The national reference laboratory for animal health in Maisons-Alfort (Anses) confirmed, at the end of last week, the presence of the Epizootic Hemorrhagic Disease (EHD) virus on cattle on three farms located in the Pyrénées-Atlantiques and the Hautes-Pyrénées.
MHE is an infectious, vector-borne viral disease (arbovirus) of domestic and wild ruminants, mainly white-tailed deer, and cattle, indicates GDS France. Sheep, goats and camelids may also be susceptible, but do not show clinical signs. The virus is transmitted between ruminant hosts by species of biting midges of the genus Culicoides. Infections are therefore seasonal.
The clinical signs are very similar to those of bluetongue (BCF). GDS France specifies them: fever, anorexia, dysphagia, emaciation, ulcerative stomatitis, lameness, respiratory distress and udder erythema. The Ministry of Agriculture specifies that “this disease generates very low mortality” and that, to date, no vaccine exists.
MHE has long been known in North America, where it particularly affects white-tailed deer. It also circulates in Australia, Asia, North Africa and the Middle East. In Europe, it was revealed in Italy (Sardinia and Sicily), Portugal and Spain. In the latter country, monitoring of cases in wildlife and in ruminant animal farms revealed a gradual increase from the South to the North and the East between 2022 and 2023. The last cases recorded by the Spanish authorities at the end of August were located less than 100 kilometers from the French border.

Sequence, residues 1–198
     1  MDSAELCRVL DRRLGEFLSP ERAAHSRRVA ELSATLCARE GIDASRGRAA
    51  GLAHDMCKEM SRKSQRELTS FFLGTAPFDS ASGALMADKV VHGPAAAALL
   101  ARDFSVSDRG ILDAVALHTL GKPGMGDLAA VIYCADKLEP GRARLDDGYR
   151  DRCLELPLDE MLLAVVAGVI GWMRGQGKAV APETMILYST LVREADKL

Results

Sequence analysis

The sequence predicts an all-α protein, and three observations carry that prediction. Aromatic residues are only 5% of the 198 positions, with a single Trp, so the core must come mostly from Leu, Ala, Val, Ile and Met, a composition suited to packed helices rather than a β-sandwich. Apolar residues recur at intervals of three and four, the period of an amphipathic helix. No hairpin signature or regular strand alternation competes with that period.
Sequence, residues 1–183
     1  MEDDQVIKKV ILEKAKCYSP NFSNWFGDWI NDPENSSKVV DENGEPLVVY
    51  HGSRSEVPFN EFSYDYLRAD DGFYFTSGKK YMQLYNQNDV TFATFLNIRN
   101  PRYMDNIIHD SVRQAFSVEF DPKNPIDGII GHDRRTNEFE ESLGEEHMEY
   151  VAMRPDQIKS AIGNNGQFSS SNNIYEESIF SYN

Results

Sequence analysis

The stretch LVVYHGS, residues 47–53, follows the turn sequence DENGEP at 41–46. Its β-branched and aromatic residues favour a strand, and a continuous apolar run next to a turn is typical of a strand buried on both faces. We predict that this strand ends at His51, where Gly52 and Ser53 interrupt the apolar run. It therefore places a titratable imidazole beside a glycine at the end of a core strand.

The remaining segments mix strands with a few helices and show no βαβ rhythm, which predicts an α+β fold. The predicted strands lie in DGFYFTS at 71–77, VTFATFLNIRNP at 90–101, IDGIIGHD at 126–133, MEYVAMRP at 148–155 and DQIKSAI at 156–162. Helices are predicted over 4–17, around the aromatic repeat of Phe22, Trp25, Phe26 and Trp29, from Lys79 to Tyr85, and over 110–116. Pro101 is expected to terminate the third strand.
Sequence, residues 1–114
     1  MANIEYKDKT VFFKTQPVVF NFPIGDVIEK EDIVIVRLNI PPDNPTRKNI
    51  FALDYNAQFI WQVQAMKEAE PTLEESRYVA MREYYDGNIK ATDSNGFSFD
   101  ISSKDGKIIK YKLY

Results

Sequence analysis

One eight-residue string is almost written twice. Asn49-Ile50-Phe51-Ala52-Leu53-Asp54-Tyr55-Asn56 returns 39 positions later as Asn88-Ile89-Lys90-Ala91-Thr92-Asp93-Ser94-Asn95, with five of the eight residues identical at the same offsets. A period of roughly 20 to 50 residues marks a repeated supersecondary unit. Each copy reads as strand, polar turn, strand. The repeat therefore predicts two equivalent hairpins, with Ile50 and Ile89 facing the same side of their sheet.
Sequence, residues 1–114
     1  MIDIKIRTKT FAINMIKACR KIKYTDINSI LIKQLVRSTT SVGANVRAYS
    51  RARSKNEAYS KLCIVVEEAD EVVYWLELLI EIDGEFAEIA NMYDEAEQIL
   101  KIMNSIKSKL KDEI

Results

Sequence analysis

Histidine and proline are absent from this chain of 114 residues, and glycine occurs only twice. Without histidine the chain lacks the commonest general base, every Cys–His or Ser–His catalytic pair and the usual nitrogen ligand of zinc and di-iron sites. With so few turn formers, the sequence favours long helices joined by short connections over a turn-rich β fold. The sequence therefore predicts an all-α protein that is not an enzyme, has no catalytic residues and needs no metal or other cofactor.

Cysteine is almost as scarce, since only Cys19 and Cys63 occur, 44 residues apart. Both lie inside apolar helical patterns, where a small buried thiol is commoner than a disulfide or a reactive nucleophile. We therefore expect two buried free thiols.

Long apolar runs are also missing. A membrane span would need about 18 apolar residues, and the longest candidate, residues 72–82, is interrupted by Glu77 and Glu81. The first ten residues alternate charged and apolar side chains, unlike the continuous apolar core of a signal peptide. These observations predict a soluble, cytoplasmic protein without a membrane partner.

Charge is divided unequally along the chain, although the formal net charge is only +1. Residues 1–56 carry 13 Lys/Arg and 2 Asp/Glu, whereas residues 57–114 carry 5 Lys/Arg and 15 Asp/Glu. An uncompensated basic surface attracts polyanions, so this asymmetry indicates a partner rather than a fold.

MHE is a disease regulated at European level and notifiable. Impacted countries have an obligation to establish surveillance measures in order to monitor the evolution of the disease in space and time. Thus, the Ministry of Agriculture published a decree on September 24. “The objective is to prevent the spread of the disease from identified outbreaks and to ensure health surveillance of the area,” specifies the ministry.
The system defines surveillance, prevention and control measures for EHD in cattle, sheep, goats or deer in the event of suspicion or confirmation of infection. In particular, it establishes a regulated zone in all municipalities located within a perimeter of 150 kilometers around any livestock infected with the virus. Cattle, sheep, goats or deer from farms located in the area cannot leave it. A list of exemptions is established for specific animal movements (return from summer pastures, sending animals to the slaughterhouse or export under conditions). These provisions have been effective since September 25.
In terms of animal movements, European regulations do not impose movement restrictions on national territory. On the other hand, the regulations prohibit the sending to other Member States of the European Union for breeding purposes of any ruminant coming from farms located within a radius of 150 kilometers around each household. Direct dispatch for slaughter in another Member State remains possible. Any export restrictions depend on the import requirements provided by each third country.
Consequently, the cessation of movements towards States of the European Union concerned, on September 21, all or part of several departments (64, 65, 40, 32, 31, and 09 in full; 40, 33, 47, 82, 81, 11 and 66 in part). The press release indicates that the Ministry of Agriculture “has initiated discussions in collaboration with professional organizations to facilitate the recovery of trade flows towards Member States and third countries wishing to maintain their supplies from France”.
This article is originally published on .paysansdelaloire.fr